I cut off a slice, heated up some peanut oil, and gave it an aggressive fry job, then sprinkled more sugar on it. The crumb had gone hard, but with some heat and oil, it had the appeal of a sponge cake – more structured, but who can hate the deadly one-two punch of refined carbs and fats? Or that new golden crust?
@MyCutsAndBurns had some interesting suggestions, including the deep fried ham cake sandwich idea.
What do you do with your stale cake?
This afternoon, curled up on a chair at the Harvard COOP, I read through recipes calling for purple perilla and banana leaves. (Shaw’s would definitely not stock those.) I inhaled instructions on making chantilly cream and fig sauce, preparing risotto ahead of time, and the expensive, three-page-long process of replicating Barbara Lynch‘s signature prune-stuffed gnocchi with foie gras appetizer. How much would it cost me to make Jean-Georges‘ braised lamb shanks with green curry?
No wonder it was a little strange to read Giada‘s recipes, some of which were as simple as skewering halved plums and nectarines and setting them on the grill. But Giada is really pretty! When I saw “whole wheat pasta” in the ingredient list, I stared at it, puzzled. Shouldn’t there instead be a sub-recipe on making said whole wheat pasta? What was going on? Also, why did marscapone cheese and ricotta cheese show up in everything? Was risotto even supposed to have that much cheese in it? Wow, Giada is really photogenic.
Nonetheless, I ended up reading Giada’s recipe on pizza pot pie and wondering if my dining partner would enjoy that, served up in an elegant ramikin (yet to be acquired) with premade puff pastry topping spilling over the sides just so. In the midst of my fine dining cookbook binge, Giada, along with the author of “Easy Chinese Stir-Fries,” was a reminder that not all food is difficult. Some food, like a recipe for broccoli and beef, are meant to be embraced without aspiration or trepidation. And there’s something soothing about the act itself of reading an ingredient list where everything is waiting in the wings, ready to provide weeknight comfort, if not transcendence.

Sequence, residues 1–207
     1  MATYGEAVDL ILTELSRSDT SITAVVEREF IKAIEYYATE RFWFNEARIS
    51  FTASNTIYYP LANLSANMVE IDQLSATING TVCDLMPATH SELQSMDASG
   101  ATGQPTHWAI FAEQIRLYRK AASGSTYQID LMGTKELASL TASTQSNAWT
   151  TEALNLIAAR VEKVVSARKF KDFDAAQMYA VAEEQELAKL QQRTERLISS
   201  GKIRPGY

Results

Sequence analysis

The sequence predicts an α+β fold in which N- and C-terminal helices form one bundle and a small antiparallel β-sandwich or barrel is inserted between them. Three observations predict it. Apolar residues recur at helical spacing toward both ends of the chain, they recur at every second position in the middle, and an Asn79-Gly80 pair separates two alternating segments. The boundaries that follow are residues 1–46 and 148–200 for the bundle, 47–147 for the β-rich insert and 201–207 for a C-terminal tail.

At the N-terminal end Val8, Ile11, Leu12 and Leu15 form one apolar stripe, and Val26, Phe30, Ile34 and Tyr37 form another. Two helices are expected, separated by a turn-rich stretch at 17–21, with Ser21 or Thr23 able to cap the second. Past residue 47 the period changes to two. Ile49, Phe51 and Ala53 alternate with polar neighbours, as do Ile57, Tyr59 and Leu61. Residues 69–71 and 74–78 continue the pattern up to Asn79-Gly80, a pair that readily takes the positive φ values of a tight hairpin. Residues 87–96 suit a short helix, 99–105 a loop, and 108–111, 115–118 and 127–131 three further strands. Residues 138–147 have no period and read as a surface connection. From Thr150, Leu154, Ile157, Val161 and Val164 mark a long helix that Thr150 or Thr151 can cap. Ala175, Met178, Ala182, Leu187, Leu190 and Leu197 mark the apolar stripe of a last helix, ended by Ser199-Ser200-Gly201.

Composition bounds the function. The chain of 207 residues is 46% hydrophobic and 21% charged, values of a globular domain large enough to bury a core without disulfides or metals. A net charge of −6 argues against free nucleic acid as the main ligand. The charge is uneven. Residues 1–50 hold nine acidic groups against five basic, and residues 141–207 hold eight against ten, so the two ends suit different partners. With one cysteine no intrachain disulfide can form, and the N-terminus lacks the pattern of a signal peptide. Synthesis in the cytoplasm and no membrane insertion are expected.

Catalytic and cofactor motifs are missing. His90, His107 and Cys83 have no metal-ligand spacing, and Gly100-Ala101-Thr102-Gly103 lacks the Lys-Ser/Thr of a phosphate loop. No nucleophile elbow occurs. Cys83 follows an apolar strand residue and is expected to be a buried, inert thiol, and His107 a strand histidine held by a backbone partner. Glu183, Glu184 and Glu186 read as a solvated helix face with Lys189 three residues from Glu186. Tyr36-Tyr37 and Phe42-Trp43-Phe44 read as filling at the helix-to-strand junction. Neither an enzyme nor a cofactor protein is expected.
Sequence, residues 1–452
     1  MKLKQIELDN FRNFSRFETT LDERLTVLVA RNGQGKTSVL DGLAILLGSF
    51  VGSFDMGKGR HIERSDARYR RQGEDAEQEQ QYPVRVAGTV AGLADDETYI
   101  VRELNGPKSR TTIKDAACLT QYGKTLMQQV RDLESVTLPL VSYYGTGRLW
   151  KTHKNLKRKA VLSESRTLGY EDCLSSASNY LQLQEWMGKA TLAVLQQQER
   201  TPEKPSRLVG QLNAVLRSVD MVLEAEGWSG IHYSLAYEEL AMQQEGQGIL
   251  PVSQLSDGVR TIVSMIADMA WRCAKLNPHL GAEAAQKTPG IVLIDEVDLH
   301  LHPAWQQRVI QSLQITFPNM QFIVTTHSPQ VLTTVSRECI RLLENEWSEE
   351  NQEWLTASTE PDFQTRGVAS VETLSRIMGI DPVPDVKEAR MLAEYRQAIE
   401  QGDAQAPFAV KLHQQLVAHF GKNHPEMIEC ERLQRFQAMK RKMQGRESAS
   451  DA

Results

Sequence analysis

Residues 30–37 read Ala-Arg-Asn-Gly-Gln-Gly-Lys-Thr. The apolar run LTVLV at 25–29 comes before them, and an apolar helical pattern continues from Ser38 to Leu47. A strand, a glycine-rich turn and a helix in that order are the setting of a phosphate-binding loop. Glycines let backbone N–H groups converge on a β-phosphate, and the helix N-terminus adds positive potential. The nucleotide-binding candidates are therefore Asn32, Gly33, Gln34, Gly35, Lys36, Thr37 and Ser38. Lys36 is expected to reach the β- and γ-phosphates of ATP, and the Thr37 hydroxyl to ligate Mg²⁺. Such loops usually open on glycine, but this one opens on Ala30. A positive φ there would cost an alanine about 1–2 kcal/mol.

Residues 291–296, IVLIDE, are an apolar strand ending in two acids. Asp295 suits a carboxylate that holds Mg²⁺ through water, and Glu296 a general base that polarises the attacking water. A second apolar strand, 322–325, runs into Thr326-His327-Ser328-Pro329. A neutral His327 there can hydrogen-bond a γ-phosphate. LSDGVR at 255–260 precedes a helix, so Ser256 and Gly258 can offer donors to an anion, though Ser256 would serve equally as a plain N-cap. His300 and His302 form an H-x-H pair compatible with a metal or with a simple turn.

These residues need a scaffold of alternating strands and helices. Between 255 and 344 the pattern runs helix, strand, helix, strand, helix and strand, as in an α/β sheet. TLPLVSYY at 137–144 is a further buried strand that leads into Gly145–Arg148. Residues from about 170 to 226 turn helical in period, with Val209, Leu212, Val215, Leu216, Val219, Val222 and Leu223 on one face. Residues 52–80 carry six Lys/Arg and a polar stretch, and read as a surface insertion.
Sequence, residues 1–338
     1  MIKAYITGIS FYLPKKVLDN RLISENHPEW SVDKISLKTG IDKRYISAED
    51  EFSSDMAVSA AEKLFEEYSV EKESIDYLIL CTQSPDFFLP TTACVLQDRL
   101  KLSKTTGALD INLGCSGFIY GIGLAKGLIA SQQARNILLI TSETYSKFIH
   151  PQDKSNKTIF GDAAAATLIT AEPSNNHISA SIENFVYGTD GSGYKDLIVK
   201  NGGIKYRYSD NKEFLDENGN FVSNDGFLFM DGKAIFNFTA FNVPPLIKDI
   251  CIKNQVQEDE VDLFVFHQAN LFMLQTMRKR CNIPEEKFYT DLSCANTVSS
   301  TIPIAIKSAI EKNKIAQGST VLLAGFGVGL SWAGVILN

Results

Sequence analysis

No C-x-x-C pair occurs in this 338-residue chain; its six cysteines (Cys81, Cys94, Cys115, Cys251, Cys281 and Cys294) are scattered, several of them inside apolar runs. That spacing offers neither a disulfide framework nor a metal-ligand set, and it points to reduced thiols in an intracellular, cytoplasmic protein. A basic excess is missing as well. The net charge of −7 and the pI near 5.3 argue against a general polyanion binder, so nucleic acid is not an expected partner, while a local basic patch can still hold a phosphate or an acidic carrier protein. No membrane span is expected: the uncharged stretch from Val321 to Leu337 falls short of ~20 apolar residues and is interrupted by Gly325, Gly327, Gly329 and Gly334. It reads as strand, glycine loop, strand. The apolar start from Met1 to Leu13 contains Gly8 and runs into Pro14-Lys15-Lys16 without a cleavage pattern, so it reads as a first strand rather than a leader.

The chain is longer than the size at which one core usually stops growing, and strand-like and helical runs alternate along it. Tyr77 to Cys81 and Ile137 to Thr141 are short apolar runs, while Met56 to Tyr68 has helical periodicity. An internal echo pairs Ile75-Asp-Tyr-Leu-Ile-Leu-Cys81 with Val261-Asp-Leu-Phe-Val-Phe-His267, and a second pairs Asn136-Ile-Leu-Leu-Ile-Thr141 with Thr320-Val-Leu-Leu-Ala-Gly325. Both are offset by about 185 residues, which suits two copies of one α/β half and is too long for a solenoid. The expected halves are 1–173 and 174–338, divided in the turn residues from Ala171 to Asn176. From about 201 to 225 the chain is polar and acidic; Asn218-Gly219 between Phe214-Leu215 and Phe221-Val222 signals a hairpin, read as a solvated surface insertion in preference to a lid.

Books mentioned in this post:
Here is a template for an ideal morning:
Wake up early, exercise. Shower, put on a dress and heels. Apply lip gloss, even though it’ll come off on the coffee lid. Brush your hair by running your fingers through it. (You don’t own a comb.)
Stop at a coffee shop (it can be Starbucks, but better pastries are to be had elsewhere). Buy black drip coffee and biscotti – just one. Get your own table, and a magazine. Nothing too serious, a tabloid is best. Eat and drink very, very slowly. Write down the things you want to accomplish that day, but don’t feel bad if you only get around to half of them.
Linger, then leave.
When I confessed that I wanted to make biscotti, my friend Daniel admitted, “I don’t bake. Baking is not cooking. It’s science.”
He’s right. You can just substitute oil for butter and expect an equally delicious result. The issue is, I come from a culinary tradition of imprecision.
I remember watching my mother bake her cakes in the brown glass dish on Saturday mornings. She has two cakes my tummy knows well: apple and sticky rice. Whenever she comes to visit me at school, she’ll bring a slab of sticky rice cake, lined in red bean paste and presented in white Tupperware. It’s always presented along with a set of clean bed sheets, or admonitions to exercise (I do, every morning, I’ll protest).